Treat Your Varicose Veins While They Are Still Small

The small, purple veins in your legs bother you, but not enough to seek treatment. Varicose veins don't go away, and if you continue to ignore them, they'll become large and more unsightly. The time to have varicose veins treatment is when they are small. You'll likely get rid of them without a trace. Wait until they're larger and you risk scarring on your legs where the veins were removed. Here are some of the current ways that varicose veins are treated and which treatments leave no trace of the vein when they are gone.


With this technique, a substance is injected directly into the vein. The chemical irritates the wall of the blood vessel making it shrink. As the vessel shrinks, the blood clots in the vein. Slowly, your body absorbs both the blood vessel and the clot until there is no sign of the varicose vein. This technique is reserved for small varicose veins. When you have this done when the veins are small, you'll likely have no sign of the vein afterwards.

Laser Vein Treatment

This technique requires a small incision to be made over the vein being treated. A small tube with a laser at the end is inserted into the vein. Light or heat is used to create scars in the blood vessel causing it to shrink. The blood in the vessel also clots, and the body absorbs the tissues. This is most effective on smaller varicose veins and will leave no trace.

Radiofrequency Ablation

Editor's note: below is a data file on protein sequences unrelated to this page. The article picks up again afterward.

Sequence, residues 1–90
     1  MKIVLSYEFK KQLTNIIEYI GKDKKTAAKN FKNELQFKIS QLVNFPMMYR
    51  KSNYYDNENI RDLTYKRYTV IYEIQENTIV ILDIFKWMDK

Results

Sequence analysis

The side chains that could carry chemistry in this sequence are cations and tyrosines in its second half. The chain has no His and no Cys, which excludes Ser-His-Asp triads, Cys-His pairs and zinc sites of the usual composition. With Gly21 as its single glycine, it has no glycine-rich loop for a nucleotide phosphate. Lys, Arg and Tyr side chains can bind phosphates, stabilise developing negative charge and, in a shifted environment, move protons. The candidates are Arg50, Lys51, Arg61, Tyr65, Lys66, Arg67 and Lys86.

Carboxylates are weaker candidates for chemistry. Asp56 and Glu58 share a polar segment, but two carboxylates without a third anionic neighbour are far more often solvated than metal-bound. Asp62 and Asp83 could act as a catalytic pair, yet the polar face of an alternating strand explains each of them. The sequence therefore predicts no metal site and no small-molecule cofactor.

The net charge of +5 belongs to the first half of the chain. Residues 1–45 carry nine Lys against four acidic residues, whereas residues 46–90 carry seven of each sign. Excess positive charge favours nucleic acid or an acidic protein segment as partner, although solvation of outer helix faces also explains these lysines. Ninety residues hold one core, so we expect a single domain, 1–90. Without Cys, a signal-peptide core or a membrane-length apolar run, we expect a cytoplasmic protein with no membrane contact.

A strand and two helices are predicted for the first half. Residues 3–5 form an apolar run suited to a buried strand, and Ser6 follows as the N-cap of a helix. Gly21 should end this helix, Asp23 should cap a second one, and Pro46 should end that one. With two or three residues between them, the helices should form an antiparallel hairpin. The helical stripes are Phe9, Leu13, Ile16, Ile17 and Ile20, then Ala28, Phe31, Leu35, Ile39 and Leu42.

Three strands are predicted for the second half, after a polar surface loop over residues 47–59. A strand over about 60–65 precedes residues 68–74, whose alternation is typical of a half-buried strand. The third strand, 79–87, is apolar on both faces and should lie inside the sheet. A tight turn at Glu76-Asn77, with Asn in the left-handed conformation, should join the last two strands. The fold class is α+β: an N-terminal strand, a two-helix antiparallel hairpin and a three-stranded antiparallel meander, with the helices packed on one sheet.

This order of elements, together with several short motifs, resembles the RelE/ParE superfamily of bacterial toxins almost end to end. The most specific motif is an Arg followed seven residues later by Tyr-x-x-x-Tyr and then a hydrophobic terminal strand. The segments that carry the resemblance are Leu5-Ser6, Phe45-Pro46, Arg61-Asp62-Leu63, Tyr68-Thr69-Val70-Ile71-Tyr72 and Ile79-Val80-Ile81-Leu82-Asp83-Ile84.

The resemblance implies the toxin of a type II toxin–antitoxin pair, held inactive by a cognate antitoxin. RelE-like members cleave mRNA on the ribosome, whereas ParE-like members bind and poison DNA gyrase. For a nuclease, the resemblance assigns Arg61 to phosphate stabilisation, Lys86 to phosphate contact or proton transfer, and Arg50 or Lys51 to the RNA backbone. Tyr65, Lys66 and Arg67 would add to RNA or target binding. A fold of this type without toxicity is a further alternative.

This treatment is similar to the laser therapy. A small incision is first made over the vein and a tube inserted which delivers radio waves to the wall of the blood vessel. The vein shrinks, the blood cots and the body absorbs it like the previous two treatments. This is also used on smaller varicose veins, and the results leave no trace.

When your varicose veins get larger, these three treatments are not normally performed. The remaining treatments available to you will remove the vein but will likely leave scars or bruises where the veins existed.

Vein Stripping

This treatment is reserved for long veins which are damaged in several places. These veins must be manually removed by a vascular surgeon. An incision is made at the start of the vein, and a long rod is passed down through the length of the vein. Smaller incisions are made in several places above the blood vessel, and the vein is tied to the rod at these points. The rod is then slowly pulled out of your leg with the vein attached to it. You will have some scarring where the vein was located in the leg.


The largest varicose veins must be removed in pieces. Several incisions are made above the blood vessel and it is cut up into small pieces that can be removed through the initial incision. You'll have several scars along your leg where the vein was removed.

For more information, contact Alaska Vein Care or a similar location.